Ammazzacaffè

Prickly Pear

Prickly pear is a plant native of South America, brought to Europe by Cristoforo Colombo. In Italian they are called ‘Fichi d’India’ – ‘Indian Figs’.

What does India name have to do with them since they come from South America?
When Cristoforo Colombo discovered the New World, he was actually convinced that he had arrived in India. That is why the name refers to it.

Where does it grow in Italy?

In Italy, this plant grows luxuriant and happy in Sardinia, Sicily, Calabria, Puglia, Lazio and even Liguria. Today there is no region of Central and especially Southern Italy that does not have them, we can say that it is for all intents and purposes a Mediterranean plant. It also embellishes the landscape with their shovels and their fruits so colorful.

In fact, it is widespread in the hot and sunny areas of Italy, it can be found on stony cliffs and its fruit is an excellent summer fruit with purifying and refreshing effects. It belongs to the Cactus family, in fact it looks a lot like it.

What about its fruits?

Prickly pear fruit is recommended for the Mediterranean diet.

One would never think so, yet prickly pears are largely rich in vitamins, especially vitamin C and minerals including potassium, magnesium, calcium and phosphorus. They also contain many fibres which help against the problem of constipation; obviously we are referring to the ripe fruit, while the unripe one has an astringent action. Furthermore, prickly pears increase the sense of satiety, are low-calorie fruits and are useful for absorbing less fat and sugar while keeping glycaemia and overweight at bay.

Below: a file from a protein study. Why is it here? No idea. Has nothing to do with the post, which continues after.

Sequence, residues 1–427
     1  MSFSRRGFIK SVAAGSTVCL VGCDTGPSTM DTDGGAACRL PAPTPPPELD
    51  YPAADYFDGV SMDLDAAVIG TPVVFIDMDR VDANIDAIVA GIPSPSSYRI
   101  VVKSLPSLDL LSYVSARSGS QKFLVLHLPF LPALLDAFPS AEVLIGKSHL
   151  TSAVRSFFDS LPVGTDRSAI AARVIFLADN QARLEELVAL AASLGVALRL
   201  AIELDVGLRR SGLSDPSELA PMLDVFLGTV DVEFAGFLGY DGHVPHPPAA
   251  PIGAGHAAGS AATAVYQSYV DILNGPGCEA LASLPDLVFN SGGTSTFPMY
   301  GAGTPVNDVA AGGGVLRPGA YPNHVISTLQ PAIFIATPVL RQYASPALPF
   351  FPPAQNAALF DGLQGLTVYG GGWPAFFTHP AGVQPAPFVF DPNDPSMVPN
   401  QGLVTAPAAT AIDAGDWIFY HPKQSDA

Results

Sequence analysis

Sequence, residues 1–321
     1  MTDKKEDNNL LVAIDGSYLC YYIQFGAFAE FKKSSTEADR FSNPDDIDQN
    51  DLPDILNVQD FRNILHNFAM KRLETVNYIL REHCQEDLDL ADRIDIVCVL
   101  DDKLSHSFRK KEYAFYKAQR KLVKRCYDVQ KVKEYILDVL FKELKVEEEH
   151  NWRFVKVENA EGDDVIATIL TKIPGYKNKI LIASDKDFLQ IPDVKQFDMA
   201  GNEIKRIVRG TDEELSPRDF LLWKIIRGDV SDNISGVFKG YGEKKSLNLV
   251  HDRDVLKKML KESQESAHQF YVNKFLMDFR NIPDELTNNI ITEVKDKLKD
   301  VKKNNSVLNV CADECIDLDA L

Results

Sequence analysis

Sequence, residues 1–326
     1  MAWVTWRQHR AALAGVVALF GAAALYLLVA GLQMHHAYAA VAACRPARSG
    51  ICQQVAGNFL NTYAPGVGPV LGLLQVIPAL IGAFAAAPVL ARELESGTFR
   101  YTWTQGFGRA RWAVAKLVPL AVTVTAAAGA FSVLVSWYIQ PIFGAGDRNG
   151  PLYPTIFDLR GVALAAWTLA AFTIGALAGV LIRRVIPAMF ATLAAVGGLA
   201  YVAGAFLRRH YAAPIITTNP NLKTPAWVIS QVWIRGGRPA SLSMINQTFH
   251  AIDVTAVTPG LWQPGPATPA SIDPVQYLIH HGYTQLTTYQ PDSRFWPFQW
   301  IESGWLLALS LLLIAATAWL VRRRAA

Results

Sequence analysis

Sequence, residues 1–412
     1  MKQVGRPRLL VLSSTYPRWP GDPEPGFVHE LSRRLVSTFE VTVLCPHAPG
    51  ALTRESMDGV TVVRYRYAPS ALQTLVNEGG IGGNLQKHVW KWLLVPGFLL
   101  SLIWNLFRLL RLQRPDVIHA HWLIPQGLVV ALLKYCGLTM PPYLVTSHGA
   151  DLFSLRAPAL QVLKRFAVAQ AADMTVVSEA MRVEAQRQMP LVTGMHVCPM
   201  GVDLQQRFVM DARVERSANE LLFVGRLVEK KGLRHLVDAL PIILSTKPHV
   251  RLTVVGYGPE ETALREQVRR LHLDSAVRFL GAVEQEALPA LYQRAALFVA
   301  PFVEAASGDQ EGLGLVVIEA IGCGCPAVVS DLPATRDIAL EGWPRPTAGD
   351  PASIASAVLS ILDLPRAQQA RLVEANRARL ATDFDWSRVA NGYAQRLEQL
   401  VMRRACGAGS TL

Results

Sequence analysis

They favour diuresis, help to eliminate toxins and excess liquids and are a precious source of antioxidants, those substances useful to our body to fight free radicals and the consequent cellular ageing.

How to pick up them?

Never pick them with your bare hands, the thorns are not only on the big green shovels but also on the skin of the fruit despite the fruit have already been cleaned from the big thorns. Removing them is difficult because they are small and invisible, but you can feel them!
The technique of prickly pear pickers (so expert people) is also to use very thick and long gloves and a knife. It’s better to buy the ones already packed, but don’t even touch the ones with your bare hands.

How to peel Prickly Pear ?

As we were saying, certainly by paying attention. One of the characteristic aspects of prickly pears is the presence of small but insidious thorns even on the fruit. Thus hold the prickly pear in place with a fork, then cut with a knife the two hard ends and cut the length. Then let it “roll” on its own skin. Remember to rinse the fork which you held it with, better not to risk having done this work and then find some thorns on the tines of the fork.

Recipe Ideas?

Excellent in fruit salad or as a mid-day snack or breakfast paired to a low-fat yoghurt. You can also make jams and savoury recipes such as risottos. Or make as for Sicilian bloody oranges : spiced-sicilian-blood-orange-salad/

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